1st century BC, |
after Hellenistic original
The Arrotino (Italian - the "Blade-Sharpener"), or formerly the Scythian, thought to be a figure from a group representing the Flaying of Marsyas is a Hellenistic-Roman sculpture (Pergamene school) of a man crouching to sharpen a knife on a whetstone.
The sculpture was excavated in the early sixteenth century, for it is recognizable in an inventory made after the death of Agostino Chigi (1520) of his villa in Trastevere, which would become the Villa Farnesina. Later the sculpture formed part of the garden of sculptures and antiquities that Paolantonio Soderini inherited from his brother, Monsignor Francesco Soderini, who had arranged them in the Mausoleum of Augustus; Paolantonio noted in a letter of 1561 that il mio villano— "my peasant"— had gone away, and it is known that a member of the Mignanelli family sold the Arrotino to Cardinal Ferdinando de' Medici. It was removed to the Villa Medici, where it was displayed until it was removed in the eighteenth century to the Medici collections in Florence.
In the Medici collections the villano was reinterpreted as a Scythian, or divorced of its genre associations entirely by becoming a royal barber or butler overhearing treasonous plotting against the state, raising it to the level of moralised history, which ranked higher in the contemporary hierarchy of genres. Only since the seventeenth century has it been recognized as having formed one part of a Hellenistic group of "Apollo flaying Marsyas" (akin to the better-known multiple figures of Laocoön and his Sons, the Odyssean groups at Sperlonga, or the Pergamene group of which the Dying Gaul was once a part). The identification with a Marsyas group was introduced in 1669, in a publication by Leonardo Agostini, who recognized the theme in antique engraved hardstones
The Arrotino was also for a long time thought to be an original Greek sculpture, and one of the finest such sculptures to have survived. As such, plaster copies were made for show and for art instruction (one made for the Royal Academy is now on view at the Courtauld). The original was often displayed beside one of the variants of the other great ancient sculpture of a crouching figure, the Crouching Venus also in the Uffizi collection. However, the Arrotino is now recognised simply as a first-century BC copy from a Hellenistic original.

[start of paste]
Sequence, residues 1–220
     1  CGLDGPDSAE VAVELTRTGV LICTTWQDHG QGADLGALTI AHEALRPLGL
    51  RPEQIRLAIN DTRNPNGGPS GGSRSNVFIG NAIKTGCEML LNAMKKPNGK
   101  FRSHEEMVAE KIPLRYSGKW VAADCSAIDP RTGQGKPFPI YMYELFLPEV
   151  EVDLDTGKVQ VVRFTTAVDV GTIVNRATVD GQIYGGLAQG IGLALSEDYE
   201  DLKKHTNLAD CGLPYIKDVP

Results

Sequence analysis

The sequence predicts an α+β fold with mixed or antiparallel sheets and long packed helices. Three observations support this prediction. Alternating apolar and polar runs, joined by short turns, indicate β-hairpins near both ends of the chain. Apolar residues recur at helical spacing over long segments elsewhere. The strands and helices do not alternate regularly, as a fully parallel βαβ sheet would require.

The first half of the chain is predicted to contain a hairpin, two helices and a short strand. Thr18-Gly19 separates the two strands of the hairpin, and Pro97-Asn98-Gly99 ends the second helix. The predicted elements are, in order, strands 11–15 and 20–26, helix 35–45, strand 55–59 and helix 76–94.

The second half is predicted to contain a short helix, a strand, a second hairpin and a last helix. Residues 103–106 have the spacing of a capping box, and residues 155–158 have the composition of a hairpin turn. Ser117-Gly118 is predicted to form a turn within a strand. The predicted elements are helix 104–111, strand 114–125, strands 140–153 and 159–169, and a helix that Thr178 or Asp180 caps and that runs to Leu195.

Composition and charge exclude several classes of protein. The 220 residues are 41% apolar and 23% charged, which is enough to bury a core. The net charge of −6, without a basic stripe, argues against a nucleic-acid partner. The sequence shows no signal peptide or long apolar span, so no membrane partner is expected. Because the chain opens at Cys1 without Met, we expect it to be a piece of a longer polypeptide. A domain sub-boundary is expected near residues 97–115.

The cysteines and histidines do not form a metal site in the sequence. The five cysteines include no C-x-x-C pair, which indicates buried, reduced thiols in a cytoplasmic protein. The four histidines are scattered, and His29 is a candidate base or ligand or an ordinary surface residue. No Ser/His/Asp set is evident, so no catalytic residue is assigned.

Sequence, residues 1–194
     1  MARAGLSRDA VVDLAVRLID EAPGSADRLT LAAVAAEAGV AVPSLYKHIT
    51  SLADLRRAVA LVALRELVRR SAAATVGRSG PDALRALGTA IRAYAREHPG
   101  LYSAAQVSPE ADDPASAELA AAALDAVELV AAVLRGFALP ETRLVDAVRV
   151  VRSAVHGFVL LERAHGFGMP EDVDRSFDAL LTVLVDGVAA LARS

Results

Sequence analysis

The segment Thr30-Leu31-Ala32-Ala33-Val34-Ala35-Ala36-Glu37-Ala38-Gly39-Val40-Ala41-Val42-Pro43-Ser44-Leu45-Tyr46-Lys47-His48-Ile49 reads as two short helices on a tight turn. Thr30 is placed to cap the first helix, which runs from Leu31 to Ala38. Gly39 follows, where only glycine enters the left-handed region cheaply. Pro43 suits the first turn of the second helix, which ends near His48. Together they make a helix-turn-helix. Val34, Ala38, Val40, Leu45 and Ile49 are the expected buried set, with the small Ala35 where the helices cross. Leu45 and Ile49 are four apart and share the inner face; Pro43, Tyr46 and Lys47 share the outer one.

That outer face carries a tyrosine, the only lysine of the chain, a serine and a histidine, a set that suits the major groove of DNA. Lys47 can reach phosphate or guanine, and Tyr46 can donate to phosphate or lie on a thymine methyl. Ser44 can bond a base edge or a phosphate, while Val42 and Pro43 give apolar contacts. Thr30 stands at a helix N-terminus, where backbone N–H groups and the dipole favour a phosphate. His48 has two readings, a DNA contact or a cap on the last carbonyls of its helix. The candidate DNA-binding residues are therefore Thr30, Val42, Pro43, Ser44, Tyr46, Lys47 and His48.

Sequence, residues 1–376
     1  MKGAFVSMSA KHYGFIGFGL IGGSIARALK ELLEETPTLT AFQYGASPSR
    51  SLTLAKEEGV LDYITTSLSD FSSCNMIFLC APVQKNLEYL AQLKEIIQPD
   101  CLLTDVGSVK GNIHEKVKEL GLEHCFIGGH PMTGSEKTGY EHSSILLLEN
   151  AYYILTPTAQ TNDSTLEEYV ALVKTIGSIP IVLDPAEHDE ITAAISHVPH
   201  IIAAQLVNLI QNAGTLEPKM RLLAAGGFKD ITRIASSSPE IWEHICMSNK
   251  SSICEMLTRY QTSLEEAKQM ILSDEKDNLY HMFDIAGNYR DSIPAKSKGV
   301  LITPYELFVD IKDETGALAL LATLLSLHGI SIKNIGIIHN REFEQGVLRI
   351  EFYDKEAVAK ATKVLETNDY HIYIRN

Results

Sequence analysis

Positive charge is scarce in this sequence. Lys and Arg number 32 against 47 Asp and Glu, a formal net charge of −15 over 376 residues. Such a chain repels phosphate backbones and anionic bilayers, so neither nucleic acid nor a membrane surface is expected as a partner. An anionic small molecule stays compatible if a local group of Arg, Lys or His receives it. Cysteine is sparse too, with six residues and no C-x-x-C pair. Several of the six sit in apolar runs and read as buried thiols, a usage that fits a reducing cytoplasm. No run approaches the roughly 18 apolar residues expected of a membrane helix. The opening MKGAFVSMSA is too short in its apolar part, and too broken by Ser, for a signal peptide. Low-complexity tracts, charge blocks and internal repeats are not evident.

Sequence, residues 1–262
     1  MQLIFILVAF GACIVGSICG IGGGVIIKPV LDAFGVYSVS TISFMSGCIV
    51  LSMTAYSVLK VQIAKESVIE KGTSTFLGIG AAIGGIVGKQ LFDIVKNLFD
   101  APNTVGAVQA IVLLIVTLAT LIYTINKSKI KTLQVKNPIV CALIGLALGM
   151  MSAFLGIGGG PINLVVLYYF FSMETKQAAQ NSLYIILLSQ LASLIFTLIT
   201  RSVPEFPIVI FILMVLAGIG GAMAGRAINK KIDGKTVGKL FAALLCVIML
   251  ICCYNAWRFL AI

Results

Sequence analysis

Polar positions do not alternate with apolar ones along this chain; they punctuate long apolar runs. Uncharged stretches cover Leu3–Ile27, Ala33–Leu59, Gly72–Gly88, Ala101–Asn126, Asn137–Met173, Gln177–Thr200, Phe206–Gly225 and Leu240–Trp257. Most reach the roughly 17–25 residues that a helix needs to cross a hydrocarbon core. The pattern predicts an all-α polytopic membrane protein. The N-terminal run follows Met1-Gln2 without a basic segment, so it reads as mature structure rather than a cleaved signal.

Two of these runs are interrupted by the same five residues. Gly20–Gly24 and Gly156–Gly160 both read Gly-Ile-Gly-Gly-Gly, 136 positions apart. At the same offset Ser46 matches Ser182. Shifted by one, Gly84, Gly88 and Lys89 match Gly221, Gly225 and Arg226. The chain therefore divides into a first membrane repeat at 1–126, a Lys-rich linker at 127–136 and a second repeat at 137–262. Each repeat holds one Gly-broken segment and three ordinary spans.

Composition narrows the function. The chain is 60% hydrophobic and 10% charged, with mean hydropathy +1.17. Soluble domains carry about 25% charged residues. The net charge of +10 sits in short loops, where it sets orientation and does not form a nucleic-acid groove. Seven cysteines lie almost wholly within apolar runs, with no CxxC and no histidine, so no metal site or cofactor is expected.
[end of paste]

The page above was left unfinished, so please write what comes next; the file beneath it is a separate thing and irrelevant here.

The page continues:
It is on display in the Tribuna of the Uffizi, alongside Old Master paintings, as it has been since the 18th century.
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- ↑ "uno Augure di marmore, sta a ginocchi piegati et sega un saxo" "an Augure of marble, crouching on his knees and strokes a [whet]stone"
- ↑ Identified by Alessandro Parronchi, "L'Arrotino opera moderna" Annali della Scuola Normale Superiore (1971) pp 345-74, noted by Riccomini 1995:281, note 62.
- ↑ Anna Maria Riccomini, "A Garden of Statues and Marbles: The Soderini Collection in the Mausoleum of Augustus" Journal of the Warburg and Courtauld Institutes 58 (1995, pp. 265-284) p. 281f.
- ↑ Agostini, Gemme antiche figurate, 2 vols. Rome, 1657, 1669, vol. II (1669), 21-22, noted in Leonard Barkan, "The Beholder's Tale: Ancient Sculpture, Renaissance Narratives" Representations, No. 44 (Autumn 1993:133-166) p. 133 and note 5. Agostini's first volume is devoted to the carved gems of Cardinal Francesco Barberini, the second, to cameos and other discoveries from the "auguste ruine della gran Roma".
- ↑ The two sculptures were paired in this fashion in the Parterre du Nord at Versailles, clearly visible in Étienne Allegrain's panoramic Promenade of Louis XIV in the Parterre du Nord 1688.